White Coat Hypertension
Some people experiencing elevated blood pressure in front of doctors or nurses (white coats) otherwise the blood pressure is normal considering as white coat hypertension/syndrome.
White-coat hypertension occurs in 15% to 30% of subjects with an elevated office blood pressure.
What is white coat hypertension or syndrome?
What causes white coat hypertension?
White coat effects often because of stress, nervous, or anxious about having your blood pressure tested by a doctor or nurse.
If you are anxious, systolic and diastolic blood pressure may rise to 30mmHg.
These causes are mostly due to the clinical environment. Many knowing have and feel their nervous or anxious. Few others unknowingly have this feeling.
What are the symptoms of white coat hypertension?
7 common white coat syndrome symptoms are:
- Racing heart - or palpitation means heart beats harder or faster.
- Unusual sweating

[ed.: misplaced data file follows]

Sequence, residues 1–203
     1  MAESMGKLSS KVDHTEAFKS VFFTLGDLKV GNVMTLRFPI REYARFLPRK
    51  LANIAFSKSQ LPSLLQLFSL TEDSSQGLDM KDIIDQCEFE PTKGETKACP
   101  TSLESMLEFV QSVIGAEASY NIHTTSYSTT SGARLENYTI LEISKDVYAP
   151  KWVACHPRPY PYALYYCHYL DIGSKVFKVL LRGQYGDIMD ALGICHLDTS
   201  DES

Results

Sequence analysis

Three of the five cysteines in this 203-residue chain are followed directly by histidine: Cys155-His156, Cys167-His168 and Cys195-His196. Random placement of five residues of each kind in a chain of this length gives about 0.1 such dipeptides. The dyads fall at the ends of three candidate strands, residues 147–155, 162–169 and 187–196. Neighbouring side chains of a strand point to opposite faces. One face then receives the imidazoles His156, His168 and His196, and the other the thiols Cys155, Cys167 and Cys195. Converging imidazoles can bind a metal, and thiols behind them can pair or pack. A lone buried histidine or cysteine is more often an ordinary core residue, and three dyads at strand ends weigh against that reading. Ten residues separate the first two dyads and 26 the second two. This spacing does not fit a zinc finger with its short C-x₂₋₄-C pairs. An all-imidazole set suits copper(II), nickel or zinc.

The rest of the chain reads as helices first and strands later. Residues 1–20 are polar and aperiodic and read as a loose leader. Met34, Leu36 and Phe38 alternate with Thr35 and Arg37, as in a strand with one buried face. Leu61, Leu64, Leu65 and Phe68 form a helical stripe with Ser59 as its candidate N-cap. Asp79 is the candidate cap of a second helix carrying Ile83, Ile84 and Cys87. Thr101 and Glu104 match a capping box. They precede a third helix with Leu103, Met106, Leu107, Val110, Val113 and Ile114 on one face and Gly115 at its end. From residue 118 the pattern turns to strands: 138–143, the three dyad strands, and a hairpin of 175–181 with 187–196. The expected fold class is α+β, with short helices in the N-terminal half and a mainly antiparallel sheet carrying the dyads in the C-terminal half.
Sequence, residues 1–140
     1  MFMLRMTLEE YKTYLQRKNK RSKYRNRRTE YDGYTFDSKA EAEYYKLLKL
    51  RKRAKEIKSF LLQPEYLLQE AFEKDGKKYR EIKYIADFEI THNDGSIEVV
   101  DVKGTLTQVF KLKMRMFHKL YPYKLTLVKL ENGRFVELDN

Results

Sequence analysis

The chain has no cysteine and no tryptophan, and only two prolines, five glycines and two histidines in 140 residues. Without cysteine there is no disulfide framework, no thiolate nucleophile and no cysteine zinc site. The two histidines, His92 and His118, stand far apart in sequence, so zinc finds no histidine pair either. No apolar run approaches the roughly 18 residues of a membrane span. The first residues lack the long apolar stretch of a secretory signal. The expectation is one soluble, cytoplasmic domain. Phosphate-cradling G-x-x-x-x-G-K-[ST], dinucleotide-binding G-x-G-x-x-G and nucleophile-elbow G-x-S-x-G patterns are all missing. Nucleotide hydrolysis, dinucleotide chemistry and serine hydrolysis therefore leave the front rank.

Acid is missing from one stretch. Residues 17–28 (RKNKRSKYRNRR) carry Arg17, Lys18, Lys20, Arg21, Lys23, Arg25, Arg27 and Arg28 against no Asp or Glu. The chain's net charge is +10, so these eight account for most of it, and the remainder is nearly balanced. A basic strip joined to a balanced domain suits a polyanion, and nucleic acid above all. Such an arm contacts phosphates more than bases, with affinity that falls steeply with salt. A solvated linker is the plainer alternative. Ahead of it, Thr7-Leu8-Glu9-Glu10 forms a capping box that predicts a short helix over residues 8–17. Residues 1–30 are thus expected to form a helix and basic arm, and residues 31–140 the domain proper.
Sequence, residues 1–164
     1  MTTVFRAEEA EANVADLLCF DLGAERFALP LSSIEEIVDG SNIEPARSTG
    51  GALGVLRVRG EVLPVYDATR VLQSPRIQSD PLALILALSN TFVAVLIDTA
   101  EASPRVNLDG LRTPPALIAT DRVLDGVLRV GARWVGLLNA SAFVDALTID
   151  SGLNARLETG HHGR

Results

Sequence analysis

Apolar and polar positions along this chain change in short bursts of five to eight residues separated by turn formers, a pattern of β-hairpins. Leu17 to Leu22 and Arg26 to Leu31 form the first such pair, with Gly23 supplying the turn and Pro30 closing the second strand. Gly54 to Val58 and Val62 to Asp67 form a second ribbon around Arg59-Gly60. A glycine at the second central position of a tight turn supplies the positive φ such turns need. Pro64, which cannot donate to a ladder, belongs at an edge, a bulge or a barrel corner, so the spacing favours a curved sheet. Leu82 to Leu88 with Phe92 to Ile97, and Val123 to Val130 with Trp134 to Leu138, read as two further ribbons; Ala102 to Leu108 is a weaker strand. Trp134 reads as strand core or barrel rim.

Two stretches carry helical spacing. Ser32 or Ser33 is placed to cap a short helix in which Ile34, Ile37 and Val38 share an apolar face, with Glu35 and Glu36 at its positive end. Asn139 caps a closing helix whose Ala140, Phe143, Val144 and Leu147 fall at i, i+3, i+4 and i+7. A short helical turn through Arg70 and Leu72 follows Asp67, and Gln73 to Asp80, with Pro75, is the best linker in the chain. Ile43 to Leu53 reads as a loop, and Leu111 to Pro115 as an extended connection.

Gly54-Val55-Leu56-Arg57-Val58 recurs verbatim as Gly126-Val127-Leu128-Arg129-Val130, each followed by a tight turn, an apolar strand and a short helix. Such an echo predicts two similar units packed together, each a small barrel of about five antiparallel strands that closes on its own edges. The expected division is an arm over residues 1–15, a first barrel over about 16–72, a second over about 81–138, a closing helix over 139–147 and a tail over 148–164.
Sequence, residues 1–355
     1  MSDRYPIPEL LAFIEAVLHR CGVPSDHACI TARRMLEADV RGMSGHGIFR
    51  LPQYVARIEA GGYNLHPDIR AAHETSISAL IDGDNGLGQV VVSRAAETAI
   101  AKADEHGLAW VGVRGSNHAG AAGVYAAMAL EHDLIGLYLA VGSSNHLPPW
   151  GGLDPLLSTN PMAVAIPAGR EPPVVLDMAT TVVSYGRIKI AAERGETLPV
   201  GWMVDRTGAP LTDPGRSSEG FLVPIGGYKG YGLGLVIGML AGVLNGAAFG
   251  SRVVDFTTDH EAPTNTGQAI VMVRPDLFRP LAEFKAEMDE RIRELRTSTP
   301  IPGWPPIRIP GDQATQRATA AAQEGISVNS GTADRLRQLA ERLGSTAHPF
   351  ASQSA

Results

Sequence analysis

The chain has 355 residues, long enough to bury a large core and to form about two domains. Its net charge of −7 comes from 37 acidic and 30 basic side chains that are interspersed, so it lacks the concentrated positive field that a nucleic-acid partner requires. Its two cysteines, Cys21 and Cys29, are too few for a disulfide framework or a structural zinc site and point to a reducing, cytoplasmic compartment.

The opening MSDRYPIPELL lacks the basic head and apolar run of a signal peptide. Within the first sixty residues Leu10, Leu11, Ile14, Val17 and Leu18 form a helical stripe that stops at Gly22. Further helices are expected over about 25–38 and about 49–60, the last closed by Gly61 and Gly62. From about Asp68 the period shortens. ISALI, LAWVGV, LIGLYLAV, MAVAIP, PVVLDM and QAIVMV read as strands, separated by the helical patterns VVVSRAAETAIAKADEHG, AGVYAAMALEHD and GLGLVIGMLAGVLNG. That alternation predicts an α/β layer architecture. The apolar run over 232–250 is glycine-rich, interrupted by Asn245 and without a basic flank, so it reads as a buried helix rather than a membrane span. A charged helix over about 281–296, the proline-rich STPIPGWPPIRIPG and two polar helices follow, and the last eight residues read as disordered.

- Trembling or Shaking
- Shortness of breath (Swallow breathing)
- Cold or sweaty limbs
- Not being able to be still and calm.
- Dry mouth
If any of the above-said symptoms exist in the clinical environment, then suspects white coat hypertension.
How do know you have white coat syndrome?
You may be nervous or anxious about your blood pressure taken by the doctor or nurse without you or your doctor realizing it. The only way to know for sure is to compare the readings taken in the doctor’s office with readings taken at home.
If your doctor suspects white coat hypertension, then he/she may ask to check your blood pressure at home or to wear a device called an ambulatory blood pressure monitor. Usually, worn this device for 24 hours and can take blood pressure every 30 minutes.
What can you do about white coat hypertension?
You should wait for 3 to 5 minutes before measuring your blood pressure. The best practice is to take 3 BP measurements and average the readings to get your exact blood pressure measurement.
Relax and calm down helps to bring your blood pressure back to normal. Just rest for a while before having your blood pressure measured. Take few deep breath, ensuring the diaphragm (not the chest) inflates.
Studies have been suggested that white coat hypertension may simply be a precursor of sustained hypertension.
Reference: Isolated office hypertension: a prehypertensive state? Journal of Hypertension. 1996; 14:327–332. People with white coat hypertension do not need any treatment. Still, they are more prone to hypertension later in their lives.
Thus people with white coat syndrome need to follow high blood pressure lifestyle changes to prevent or avoid hypertension.